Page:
2018 Theses Doctoral
Targeting neurons with small molecule probes: from imaging to modulation
Our body is governed through a complex network of diverse set of synapses created by many different neurons, which extend throughout the body. A great progress has been made to monitor and modulate these cells using genetic methods in limited settings, while chemical approaches have not achieved comparable successful results. Yet given the versatility of chemical probes, it has been important to create platforms which would allow us to generate compounds with characteristics of neuronal targeting and modulation.
In our effort to modulate neurons and their synapses, a platform of assays was developed to find agonists and modulators of the brain derived neurotrophic factor, BDNF, and its receptor, TrkB, which is a central signaling system for neurogenesis and synaptic plasticity. These assays were used to evaluate reported TrkB agonists and perform a high throughput screen. In addition, an alternative approach in the form of phage display targeting TrkB was employed, since TrkB proved to be a challenging target for identification of small molecule agonist or modulator.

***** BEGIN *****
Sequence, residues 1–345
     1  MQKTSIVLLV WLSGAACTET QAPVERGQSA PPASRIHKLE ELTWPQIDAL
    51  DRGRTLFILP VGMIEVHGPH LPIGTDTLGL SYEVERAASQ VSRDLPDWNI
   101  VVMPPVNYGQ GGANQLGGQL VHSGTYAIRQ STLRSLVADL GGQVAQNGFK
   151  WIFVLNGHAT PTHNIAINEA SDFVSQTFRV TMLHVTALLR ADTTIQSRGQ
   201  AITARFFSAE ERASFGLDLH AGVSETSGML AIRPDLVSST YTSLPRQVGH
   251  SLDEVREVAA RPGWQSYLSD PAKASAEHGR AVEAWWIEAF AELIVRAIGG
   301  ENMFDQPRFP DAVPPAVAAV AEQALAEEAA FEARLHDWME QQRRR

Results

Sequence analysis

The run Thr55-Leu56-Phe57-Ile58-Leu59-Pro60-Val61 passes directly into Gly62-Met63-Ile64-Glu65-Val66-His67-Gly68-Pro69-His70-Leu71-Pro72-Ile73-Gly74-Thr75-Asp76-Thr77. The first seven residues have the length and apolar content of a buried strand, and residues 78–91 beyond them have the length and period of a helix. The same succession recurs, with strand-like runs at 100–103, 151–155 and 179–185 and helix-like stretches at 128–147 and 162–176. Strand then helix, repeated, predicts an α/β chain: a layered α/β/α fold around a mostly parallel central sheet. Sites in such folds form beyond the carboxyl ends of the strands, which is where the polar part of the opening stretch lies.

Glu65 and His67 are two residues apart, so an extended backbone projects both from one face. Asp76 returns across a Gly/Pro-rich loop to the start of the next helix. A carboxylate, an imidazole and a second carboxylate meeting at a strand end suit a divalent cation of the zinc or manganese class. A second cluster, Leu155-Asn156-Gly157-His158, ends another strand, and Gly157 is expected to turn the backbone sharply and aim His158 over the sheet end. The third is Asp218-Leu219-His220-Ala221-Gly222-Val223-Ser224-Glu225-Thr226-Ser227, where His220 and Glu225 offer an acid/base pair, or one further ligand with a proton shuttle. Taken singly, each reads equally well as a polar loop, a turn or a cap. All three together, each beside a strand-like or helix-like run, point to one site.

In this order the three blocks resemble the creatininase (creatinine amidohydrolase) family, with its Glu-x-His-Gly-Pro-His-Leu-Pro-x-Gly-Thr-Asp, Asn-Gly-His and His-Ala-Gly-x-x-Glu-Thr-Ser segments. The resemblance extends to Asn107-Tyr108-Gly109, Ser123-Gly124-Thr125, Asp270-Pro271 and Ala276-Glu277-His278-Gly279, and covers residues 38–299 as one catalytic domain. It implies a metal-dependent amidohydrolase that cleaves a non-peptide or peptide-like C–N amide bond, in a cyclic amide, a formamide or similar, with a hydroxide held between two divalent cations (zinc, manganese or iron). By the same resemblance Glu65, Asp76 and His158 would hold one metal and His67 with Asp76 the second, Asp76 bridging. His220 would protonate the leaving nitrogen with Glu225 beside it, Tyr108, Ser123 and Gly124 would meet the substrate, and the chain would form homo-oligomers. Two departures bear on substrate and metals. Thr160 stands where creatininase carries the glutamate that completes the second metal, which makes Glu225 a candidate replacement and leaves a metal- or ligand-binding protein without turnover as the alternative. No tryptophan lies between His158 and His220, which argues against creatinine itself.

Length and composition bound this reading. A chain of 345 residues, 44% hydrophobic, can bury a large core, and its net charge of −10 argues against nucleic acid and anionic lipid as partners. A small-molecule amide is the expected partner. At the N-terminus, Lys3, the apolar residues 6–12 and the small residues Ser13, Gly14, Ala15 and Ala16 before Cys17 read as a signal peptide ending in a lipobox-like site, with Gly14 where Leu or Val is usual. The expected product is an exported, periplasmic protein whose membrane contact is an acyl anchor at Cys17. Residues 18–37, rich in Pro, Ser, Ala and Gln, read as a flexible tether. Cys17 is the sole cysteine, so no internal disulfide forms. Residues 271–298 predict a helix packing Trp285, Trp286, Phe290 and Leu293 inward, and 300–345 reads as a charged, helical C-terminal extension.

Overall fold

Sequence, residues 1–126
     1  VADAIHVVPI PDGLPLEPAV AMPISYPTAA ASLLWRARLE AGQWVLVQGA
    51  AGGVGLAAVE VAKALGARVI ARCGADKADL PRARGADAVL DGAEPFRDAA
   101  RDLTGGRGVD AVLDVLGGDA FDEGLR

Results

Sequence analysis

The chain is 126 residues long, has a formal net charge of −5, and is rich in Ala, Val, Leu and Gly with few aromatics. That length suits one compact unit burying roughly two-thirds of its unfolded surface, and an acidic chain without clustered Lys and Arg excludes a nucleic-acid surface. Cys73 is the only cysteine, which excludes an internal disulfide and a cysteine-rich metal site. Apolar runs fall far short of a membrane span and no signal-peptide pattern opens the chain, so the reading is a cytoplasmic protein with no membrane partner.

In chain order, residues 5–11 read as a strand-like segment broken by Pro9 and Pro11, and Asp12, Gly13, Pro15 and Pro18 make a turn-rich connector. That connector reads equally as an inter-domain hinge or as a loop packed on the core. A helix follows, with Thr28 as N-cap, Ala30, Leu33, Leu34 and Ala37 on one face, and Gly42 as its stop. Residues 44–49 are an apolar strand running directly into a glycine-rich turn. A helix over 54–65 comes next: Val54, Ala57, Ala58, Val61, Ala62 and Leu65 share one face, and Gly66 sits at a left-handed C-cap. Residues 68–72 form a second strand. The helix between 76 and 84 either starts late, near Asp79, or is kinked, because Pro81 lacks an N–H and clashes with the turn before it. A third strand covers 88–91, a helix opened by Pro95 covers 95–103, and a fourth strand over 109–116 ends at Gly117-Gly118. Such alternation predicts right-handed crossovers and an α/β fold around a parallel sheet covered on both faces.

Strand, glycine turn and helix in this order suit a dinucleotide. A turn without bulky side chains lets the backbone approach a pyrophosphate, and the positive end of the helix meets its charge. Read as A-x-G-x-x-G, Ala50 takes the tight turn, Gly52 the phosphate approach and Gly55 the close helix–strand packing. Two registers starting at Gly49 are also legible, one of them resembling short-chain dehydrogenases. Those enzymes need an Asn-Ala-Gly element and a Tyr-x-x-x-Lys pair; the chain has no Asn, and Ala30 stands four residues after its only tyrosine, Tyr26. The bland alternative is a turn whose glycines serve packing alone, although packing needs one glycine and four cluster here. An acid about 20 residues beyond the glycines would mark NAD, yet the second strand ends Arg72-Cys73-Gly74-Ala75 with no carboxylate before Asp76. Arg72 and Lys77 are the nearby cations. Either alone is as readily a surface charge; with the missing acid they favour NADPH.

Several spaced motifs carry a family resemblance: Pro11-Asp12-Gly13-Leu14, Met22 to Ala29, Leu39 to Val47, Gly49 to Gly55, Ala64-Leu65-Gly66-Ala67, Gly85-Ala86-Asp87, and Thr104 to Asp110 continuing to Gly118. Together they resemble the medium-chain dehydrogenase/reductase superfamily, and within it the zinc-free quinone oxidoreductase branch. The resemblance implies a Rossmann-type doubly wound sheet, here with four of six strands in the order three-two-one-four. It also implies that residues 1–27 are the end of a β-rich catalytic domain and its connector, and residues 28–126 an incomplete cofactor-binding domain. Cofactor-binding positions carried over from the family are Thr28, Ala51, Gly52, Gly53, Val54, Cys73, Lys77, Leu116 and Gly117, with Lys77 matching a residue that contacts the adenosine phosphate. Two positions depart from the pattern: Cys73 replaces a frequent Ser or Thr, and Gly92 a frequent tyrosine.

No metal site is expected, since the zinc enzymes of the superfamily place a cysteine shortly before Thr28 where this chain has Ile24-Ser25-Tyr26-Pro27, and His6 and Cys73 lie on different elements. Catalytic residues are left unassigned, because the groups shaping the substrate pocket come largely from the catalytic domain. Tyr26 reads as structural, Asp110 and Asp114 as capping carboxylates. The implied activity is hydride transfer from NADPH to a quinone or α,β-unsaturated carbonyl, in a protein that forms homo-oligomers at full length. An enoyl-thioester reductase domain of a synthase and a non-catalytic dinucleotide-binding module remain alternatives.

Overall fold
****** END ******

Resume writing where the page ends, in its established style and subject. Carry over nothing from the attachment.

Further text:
To visualize different parts as well as various types of neurons, two different platforms were developed. A diversity oriented fluorescent library coupled with high content screening provided an opportunity to identify probes that could specifically stain neurons and synapses. In the second approach a new phage display method was developed that could identify probes with the ability to bind to neuronal cell surface markers. The developed platforms that we developed have a great potential to generate promising probes for vast array of applications.
This item is currently under embargo. It will be available starting 2020-05-31.
More About This Work
- Academic Units
- Thesis Advisors
- Sames, Dalibor
- Ph.D., Columbia University
- Published Here
- June 13, 2018